August 28, 2017

I want to just walk away from my upside down house. Can I just send the keys to the lender  and let them have it?

Just wait a minute there!
Unfortunately it’s just not that easy. Despite popular belief that you can just slip your keys in an envelope, mail them to your lender and then walk away from your house- it simply doesn’t work that way. Giving the house to the bank  – known as a deed in lieu of foreclosure, involves a process and the lender does not have to agree to a deed in lieu. You can call the lender and discuss the deed in lieu and they will tell you what the process is and you can apply. However a deed in lieu is usually not a possibility for you:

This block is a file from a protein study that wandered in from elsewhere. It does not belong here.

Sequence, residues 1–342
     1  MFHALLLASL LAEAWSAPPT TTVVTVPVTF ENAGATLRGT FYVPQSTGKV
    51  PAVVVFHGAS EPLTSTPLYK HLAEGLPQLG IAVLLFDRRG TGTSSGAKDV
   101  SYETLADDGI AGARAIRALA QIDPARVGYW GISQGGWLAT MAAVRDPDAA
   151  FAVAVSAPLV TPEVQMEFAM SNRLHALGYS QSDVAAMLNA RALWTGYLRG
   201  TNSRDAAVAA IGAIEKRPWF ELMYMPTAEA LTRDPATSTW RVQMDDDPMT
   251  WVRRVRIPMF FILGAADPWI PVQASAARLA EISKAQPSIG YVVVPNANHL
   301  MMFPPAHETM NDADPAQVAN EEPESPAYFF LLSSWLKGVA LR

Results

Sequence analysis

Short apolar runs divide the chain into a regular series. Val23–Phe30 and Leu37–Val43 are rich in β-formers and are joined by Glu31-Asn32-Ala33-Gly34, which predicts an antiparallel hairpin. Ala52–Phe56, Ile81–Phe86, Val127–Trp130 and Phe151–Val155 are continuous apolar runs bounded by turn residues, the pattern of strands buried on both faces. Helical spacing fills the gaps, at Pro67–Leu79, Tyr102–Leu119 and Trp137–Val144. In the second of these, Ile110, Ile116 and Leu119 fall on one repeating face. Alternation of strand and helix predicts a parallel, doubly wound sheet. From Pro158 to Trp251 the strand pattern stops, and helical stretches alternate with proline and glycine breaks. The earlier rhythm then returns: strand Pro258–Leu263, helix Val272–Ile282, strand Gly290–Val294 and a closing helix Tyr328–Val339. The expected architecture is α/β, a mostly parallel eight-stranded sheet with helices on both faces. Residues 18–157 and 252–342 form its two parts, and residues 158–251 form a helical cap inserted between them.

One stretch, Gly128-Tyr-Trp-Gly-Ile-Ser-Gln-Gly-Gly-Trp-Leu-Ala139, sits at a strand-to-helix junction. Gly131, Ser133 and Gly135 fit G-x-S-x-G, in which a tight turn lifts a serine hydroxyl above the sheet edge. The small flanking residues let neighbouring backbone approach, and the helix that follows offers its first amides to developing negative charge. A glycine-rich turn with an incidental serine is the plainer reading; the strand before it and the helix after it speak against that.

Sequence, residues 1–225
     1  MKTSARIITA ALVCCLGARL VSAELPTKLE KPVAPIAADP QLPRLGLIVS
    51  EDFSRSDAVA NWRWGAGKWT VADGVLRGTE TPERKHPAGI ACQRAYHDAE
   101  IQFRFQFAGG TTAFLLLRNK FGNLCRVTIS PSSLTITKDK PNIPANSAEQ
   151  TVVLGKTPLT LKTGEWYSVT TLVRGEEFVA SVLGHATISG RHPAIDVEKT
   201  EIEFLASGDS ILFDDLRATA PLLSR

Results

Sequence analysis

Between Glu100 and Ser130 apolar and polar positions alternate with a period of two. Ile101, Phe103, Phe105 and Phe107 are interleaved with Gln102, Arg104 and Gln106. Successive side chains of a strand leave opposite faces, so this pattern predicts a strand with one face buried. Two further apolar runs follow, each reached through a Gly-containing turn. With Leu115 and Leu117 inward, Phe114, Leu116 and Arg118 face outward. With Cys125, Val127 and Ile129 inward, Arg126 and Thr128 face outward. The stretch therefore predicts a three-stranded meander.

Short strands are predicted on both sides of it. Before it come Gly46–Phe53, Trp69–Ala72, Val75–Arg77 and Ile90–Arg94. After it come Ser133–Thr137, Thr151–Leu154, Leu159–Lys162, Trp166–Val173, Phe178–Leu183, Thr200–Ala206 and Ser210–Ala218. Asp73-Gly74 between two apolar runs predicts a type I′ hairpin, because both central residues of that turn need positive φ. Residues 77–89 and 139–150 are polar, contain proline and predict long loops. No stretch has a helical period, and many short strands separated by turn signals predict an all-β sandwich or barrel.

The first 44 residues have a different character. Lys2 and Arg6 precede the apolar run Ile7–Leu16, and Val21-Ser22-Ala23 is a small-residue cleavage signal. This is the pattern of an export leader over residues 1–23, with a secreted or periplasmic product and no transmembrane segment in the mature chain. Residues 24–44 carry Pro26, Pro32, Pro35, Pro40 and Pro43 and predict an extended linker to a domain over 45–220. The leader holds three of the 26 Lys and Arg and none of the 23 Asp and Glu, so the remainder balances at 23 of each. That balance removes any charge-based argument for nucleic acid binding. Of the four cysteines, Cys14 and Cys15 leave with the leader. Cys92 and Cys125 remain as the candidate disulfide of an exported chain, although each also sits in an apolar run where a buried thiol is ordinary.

• If you have more than one lien against your property
  • Until you have attempted a short sale
Most lenders will force you to consider alternative solutions before accepting a deed in lieu, and will want to see your house listed as a short sale for a period of time before accepting the deed in lieu. After going through their application process, and/or attempting a loan mod or short sale and failing, the lender may agree to take the deed in lieu. Meanwhile – sending in your keys accomplishes nothing except leaving you a set of keys short for your house.

Last Updated on March 3, 2024 by Minna Reid

About the author 

Minna Reid

Minna Reid is The Broker - Owner of Reid Real Estate Group. Reid Real Estate Group is a full-service Connecticut residential real estate brokerage, specializing in helping homeowners with legal and financial challenges including short sales, probate sales and tax lien complications.

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